Thursday, October 09, 2008

Try to Imagine

"Whatsoever Ezra does not know and sanction, that thing is
heresy, worthless for knowing and wicked to consider. ... Such is our
comfortable position and sure faith. Would he not betray himself an alien cynic
who should otherwise portray Main Street, or distress the citizens by
speculating whether there may not be other faiths?"

-- Sinclair Lewis, "Main Street" (1920)

I ran across something rather ... unexpected today.

It's a rather magnanimous, roundabout denunciation of the magnificently haunting and dramatic "pre-show" film that opened The Living Seas. The one that began with the words that, to me, define everything The Walt Disney Company used to be about: “Try to imagine.”

And it opened my eyes to one possible, and possibly rather upsetting, reason for the change in EPCOT from serious examination of the world in which we live to lighthearted fun.

It’s a possibility I had never considered before.

Try to imagine ... that a number of ultra-conservatives who believe in the concept of “intelligent design” (a concept that didn’t really exist until the late 1980s) put forth the view that the scientific theories presented in The Living Seas were at odds with their religious beliefs. And try to imagine that their concerns were brought to Brad Rex, who was vice president of Epcot, and who made no secret of his religious faith and had no problem talking about it openly and publicly.

Now, please understand, I am not opposed to any belief system that is different than mine, with one provision: It should not be forced upon me, nor should it be used in a way that positions itself as superior to anyone else’s. I believe in exposing people to different faiths, different beliefs, different ideas.

That’s why science, to me, has always been so fascinating: It attempts to prove theories using facts, and rarely, if ever, sets forth the notion that its ideas are absolutely inarguable and unwavering; it’s why, for instance, the theories of evolution and relativity remain, to this day, “theories.” If they cannot be proven to any degree that is entirely infallible, they must remain theories.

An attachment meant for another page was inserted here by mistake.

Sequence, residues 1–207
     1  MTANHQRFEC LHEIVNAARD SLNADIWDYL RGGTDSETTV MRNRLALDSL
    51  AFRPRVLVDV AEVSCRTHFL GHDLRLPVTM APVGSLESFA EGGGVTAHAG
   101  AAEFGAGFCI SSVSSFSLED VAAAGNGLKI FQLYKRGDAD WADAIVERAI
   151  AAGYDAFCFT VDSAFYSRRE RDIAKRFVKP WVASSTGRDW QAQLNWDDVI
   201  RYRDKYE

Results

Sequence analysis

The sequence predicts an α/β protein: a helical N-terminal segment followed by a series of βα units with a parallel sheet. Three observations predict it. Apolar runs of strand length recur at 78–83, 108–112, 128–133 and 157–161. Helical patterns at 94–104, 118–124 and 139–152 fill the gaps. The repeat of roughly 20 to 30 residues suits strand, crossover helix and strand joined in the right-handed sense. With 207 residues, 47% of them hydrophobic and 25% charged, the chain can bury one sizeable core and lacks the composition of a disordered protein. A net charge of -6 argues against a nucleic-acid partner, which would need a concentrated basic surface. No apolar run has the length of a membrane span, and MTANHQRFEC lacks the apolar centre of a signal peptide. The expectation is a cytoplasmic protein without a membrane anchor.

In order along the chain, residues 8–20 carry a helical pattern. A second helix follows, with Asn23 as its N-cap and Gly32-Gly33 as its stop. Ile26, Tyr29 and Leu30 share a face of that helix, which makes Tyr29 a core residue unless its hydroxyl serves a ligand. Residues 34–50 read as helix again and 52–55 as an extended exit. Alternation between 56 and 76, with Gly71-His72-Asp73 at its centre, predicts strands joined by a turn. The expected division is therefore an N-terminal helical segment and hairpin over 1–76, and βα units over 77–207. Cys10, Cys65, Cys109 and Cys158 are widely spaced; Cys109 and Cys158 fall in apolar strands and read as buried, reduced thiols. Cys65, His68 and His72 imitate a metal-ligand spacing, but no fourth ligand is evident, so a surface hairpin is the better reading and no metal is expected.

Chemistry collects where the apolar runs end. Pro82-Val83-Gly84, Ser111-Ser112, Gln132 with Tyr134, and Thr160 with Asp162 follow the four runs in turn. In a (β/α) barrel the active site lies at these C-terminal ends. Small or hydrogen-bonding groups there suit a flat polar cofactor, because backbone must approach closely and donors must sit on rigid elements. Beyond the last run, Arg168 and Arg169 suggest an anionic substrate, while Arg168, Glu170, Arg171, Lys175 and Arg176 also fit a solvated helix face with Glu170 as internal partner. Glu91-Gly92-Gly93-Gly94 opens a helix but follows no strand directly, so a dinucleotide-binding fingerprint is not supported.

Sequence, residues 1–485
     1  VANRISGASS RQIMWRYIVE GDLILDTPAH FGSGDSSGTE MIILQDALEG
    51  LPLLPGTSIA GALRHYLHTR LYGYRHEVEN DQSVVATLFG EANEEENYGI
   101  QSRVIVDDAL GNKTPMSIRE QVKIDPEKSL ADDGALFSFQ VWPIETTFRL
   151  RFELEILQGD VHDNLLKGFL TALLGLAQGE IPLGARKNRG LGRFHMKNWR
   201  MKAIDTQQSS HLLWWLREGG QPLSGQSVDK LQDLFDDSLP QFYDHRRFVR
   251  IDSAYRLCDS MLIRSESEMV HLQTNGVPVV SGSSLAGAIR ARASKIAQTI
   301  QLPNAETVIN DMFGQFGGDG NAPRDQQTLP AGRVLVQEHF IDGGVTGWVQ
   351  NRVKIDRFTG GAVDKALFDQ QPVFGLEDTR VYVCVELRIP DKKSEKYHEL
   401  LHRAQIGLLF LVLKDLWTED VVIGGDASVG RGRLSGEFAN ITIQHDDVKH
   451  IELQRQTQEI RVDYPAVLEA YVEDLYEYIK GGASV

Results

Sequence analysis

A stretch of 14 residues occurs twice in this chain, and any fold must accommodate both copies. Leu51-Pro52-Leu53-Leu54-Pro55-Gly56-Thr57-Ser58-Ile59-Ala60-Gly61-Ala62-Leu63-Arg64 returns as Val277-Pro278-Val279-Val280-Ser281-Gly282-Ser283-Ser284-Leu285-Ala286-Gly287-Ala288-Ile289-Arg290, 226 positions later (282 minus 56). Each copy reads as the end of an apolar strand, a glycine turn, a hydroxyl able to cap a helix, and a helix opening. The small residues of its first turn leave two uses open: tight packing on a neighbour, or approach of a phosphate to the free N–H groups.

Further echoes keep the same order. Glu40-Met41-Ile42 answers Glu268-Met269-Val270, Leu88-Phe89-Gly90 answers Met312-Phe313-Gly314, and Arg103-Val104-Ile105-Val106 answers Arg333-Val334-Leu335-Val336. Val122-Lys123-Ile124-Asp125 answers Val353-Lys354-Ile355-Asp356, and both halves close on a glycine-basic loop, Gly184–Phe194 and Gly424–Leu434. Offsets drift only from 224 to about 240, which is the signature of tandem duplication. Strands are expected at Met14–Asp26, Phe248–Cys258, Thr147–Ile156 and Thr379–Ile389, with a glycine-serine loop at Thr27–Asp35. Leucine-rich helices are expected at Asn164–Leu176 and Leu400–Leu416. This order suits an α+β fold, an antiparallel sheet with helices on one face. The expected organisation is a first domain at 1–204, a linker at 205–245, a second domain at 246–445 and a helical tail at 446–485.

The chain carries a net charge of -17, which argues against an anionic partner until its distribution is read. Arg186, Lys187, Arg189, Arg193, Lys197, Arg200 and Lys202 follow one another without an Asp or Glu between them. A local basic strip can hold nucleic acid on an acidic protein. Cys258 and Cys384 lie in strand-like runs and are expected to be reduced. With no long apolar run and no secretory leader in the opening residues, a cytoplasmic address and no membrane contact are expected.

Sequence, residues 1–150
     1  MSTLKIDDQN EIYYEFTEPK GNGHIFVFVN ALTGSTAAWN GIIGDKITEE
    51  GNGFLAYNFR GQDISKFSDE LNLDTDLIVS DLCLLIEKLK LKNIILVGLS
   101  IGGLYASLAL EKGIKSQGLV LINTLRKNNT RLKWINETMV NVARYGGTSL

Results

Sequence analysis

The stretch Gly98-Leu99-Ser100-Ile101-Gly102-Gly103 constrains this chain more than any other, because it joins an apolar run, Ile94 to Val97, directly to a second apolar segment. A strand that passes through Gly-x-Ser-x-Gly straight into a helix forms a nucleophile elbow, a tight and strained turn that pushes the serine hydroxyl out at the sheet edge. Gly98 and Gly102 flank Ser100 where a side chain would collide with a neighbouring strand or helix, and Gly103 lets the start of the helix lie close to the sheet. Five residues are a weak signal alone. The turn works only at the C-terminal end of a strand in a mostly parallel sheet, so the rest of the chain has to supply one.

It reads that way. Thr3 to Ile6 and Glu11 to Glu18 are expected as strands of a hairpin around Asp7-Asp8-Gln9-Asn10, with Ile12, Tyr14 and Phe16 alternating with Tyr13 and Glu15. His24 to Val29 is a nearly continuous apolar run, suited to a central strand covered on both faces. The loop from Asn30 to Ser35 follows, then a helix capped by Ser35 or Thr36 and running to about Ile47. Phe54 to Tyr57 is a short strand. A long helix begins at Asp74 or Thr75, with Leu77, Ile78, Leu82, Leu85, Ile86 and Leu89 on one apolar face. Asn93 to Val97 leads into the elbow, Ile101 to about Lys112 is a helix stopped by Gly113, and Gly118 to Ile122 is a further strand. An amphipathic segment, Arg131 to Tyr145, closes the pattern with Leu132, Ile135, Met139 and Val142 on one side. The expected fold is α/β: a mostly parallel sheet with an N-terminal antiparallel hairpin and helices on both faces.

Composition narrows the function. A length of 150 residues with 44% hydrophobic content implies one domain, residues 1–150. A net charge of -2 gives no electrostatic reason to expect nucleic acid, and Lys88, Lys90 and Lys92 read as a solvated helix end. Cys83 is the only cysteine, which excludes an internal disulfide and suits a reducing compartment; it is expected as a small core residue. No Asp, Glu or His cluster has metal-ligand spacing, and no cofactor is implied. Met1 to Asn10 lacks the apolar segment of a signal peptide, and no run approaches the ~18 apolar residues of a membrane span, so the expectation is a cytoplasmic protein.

So I never, ever imagined that anyone would take exception to some basic education, some awareness they might not have had before. Indeed, one of the reasons I lament the passing of The Living Seas was because it presented its offerings so simply, without fanfare – the seas that surround us were shown only to be extraordinary wonders we have barely begun to understand.
And then I read that blog entry.

And I got to wondering. Is it possible that Disney bowed to the wishes of a rather vocal group of ultra-conservative evangelicals and “Nemo-ized” The Living Seas, made it into a happy, un-threatening place, all because a group of people felt that the science on view in the pavilion was antithetical to their religious views?

It’s certainly possible – and possibilities are hard to discount.

Holding this view as plausible, it explains why discussion of man’s role in nature (in “Symbiosis”) was replaced with cute, cuddly “Lion King” characters. The effect of an animated warthog on nature is much less difficult for conservative groups to explain to children than, say, a factory’s impact on the environment.

It explains why, despite the appearance of one of the most visible gay-rights advocates in the country (the world, perhaps), “Ellen’s Energy Adventure” is much less threatening than an exploration of how man’s dependence on fossil fuels is depleting our earth’s resources. (The Big Bang and dinosaurs are still represented, but might they be on the chopping block in future incarnations?)

Perhaps I am too concerned, drawing too many tenuous connections.

But I have to wonder, given the role of faith in life of the executive who was in charge of Epcot, the rather interesting viewpoint expressed by Randall Niles, and the relative inanity (and harmlessness) of The Seas With Nemo and Friends ... is it possible?

Almost by definition, science exists to challenge our notions of the world in which we live. Challenge, it appears, is becoming a scarce commodity – and it’s quite possible that we are paying the price for demanding a world in which tough answers aren’t sought. (I won’t dwell on this idea, except to say I can’t believe that “easy credit” and “easy answers” aren’t related in at least the smallest of ways.) Science is challenging, it is difficult, it can even be confrontational if your own world view conflicts with it – just as it was for those who for centuries insisted the world was flat and the earth was at the center of the universe.

To hear that we are one small sphere amid “a hundred thousand million suns” does indeed fly in the face of any conservative views.